I remember paying many visits to the National Videogame Arcade years back, when it was based in Nottingham. On one particular visit, we stumbled across a huge screen with a complex looking bomb, and next to it lay a plethora of teasing switches to flick and wires to cut. Away from the screen was a big manual filled with diagrams and instructions. You can guess what we needed to do.
I am of course referring to the excellent Keep Talking and Nobody Explodes which, maybe partly due to the novelty, was a brilliant little game that offered something different. Them Bombs works in exactly, and I mean exactly, the same way despite a less attractive presentation. Instead of 3D rendered bomb parts which popped out at you, each module is presented in a typical but simplistic style. However, Them Bombs is somewhat cheaper than the game which inspired it, which helps in the event that the novelty wears off quickly.
There’s really only one way to play Them Bombs, which is as a two player cooperative team. You can get more people involved if you wish, but you can only tackle one module of the bomb at a time. One of you will need to read the manual and feed information to the player attempting to diffuse the bomb, this role is known at the “expert”. The player attempting to diffuse the bomb, referred to as the “unlikely hero”, will need to process what they hear and choose the correct actions to take in order to make the bomb safe, step by step. The expert should not be able to see the screen (I cast my partner out into the hallway) to get the full-on, authentic experience. Of course, players can then swap positions if you wish to get the most from Them Bombs.
You may not realise it, but the first bomb you’ll be attempting to diffuse is actually the game’s tutorial. This bomb remains the same on each attempt, so also acts as a good training ground too. There are three modules to disarm, with around ten minutes on the clock.
Beyond this there are different modes to play. Namely, Beginner, Normal, Hard and Custom. The first three speak for themselves, with the bomb being randomised each time. The greater the difficulty, the more modules the bomb has and the less time you have to disarm it. This is where things can get really tense.
The custom mode offers you the freedom to create your own fiendish devices. Well, by create I mean choose from various settings to decide on pretty much all the elements of the bomb you’ll be tackling. It’s a welcome way to mix things up if you don’t want to leave your chances of success wholly in the hands of fate.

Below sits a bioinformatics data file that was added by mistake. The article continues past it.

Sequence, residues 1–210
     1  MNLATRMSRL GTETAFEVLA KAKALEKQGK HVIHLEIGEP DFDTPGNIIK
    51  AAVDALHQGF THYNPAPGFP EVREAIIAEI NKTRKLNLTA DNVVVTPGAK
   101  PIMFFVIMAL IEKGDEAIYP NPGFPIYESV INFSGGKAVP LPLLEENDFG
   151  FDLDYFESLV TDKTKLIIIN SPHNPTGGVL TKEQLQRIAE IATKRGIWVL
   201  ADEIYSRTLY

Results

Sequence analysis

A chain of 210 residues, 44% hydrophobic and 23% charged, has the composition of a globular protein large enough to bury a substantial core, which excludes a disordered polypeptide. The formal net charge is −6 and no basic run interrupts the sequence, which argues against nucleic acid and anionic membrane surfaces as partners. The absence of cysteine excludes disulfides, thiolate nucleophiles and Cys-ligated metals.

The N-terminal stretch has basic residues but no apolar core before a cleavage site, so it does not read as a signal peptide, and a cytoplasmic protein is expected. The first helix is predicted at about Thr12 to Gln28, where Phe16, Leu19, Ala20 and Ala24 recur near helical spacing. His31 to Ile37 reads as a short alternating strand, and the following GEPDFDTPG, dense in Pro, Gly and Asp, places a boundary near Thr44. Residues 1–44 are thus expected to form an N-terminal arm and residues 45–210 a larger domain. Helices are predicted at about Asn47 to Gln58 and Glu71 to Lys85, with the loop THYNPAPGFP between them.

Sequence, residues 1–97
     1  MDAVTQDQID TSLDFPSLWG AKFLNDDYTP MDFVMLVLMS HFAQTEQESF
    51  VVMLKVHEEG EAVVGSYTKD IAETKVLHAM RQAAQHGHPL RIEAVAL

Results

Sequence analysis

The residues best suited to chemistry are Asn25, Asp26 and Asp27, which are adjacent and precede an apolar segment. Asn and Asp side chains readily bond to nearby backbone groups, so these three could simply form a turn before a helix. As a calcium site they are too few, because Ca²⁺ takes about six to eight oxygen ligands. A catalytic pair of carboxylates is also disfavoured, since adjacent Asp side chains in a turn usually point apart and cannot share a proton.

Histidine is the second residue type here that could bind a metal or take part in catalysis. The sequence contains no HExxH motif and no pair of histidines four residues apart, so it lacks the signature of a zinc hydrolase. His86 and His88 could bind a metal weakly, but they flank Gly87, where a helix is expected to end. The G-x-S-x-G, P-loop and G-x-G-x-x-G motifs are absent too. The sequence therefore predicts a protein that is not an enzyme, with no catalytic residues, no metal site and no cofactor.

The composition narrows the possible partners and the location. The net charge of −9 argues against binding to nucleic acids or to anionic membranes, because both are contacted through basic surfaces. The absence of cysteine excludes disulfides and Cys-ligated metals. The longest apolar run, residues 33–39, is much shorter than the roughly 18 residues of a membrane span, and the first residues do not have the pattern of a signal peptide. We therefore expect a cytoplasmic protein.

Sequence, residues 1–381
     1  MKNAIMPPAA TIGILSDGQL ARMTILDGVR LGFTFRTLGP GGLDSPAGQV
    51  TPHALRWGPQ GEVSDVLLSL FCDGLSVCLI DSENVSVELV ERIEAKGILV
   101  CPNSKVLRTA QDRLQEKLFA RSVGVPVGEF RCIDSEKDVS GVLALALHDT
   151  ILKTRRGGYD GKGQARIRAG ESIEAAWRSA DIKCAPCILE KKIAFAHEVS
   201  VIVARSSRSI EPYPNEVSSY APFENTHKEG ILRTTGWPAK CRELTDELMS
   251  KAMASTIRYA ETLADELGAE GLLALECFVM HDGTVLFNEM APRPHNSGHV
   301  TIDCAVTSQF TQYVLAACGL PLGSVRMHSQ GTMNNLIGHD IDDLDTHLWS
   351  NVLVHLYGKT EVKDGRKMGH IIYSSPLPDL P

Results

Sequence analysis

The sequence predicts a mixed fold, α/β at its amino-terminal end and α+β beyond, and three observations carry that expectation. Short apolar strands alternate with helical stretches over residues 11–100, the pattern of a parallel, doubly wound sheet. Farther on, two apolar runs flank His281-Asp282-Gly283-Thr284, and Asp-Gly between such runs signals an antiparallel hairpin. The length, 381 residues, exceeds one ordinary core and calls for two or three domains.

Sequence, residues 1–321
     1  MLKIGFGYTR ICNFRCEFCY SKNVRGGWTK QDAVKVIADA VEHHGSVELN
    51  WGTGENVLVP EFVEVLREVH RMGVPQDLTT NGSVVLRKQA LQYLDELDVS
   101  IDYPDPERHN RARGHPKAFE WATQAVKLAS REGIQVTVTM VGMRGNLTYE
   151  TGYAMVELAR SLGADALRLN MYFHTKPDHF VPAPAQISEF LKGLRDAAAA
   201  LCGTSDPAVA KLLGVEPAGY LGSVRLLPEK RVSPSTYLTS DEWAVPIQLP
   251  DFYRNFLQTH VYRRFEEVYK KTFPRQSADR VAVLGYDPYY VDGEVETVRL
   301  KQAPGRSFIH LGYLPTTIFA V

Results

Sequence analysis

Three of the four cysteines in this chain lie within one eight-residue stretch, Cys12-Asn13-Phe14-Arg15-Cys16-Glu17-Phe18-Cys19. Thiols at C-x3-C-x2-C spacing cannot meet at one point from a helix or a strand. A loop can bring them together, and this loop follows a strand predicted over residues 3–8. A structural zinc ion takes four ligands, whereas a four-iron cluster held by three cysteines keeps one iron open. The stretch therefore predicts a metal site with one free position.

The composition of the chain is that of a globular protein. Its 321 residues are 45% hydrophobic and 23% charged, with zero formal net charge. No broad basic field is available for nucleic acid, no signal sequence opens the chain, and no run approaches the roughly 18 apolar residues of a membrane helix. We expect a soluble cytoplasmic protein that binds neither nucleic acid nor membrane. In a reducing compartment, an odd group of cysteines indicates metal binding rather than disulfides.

As the “unlikely hero”, you’ll need to get used to being shouted at for not solving the puzzles quick enough. You may also bite back at your partner, when they can’t get to the information you require fast enough. It comes together nicely, working well to create some really tense moments. It would also make a good game to showcase at a party, as it can be quite entertaining watching both players stress out.
If things weren’t tense enough, at random points you will be prompted to hold LB to calm your nerves and RB to recharge your torch when its batteries run out. Each action will cost you valuable seconds, and most likely occur at the most inconvenient time.
There are several types of modules you will encounter, which range from simple to complex. One such example is the 15 lights puzzle, in which you will need to use a famous scientist and the Greek alphabet to figure out the correct code to disarm the module. Another will present you with a “pizza” containing flashing lights. Depending on the features of the bomb itself, this will determine the correct segments to press in order to disarm the module. Perhaps the most simple module, but also something of a trap, is the big red button that must only be pressed when all other elements of the bomb have been dealt with.
There are a fair few modules to master, and thanks to each bomb being randomised there are loads of potential combinations for you to tackle. This should keep you and your friends entertained for a while, depending on if you can handle the pressure. However, there is no getting away from the fact you will essentially be playing the same elements of the game over and over, which may wear thin for some.
The biggest gripe is grappling with a digital copy of the bomb manual when playing as the expert. Scrolling up and down eats valuable seconds, and it can be difficult to find the right page quickly. For the more difficult bombs, it’s advisable to print all the pages and have them at hand to increase your chances of success. On the plus side, you only need one copy of the game to play multiplayer as the manual is free to download from the official website.
You may have seen pretty much everything on offer in Them Bombs before, but that doesn’t detract from how enjoyable the core gameplay experience is. The nature of the game may mean it has a short shelf life for some, but thanks to its reasonable price point it’s worth the risk.
Disarm Them Bombs by visiting the Xbox Store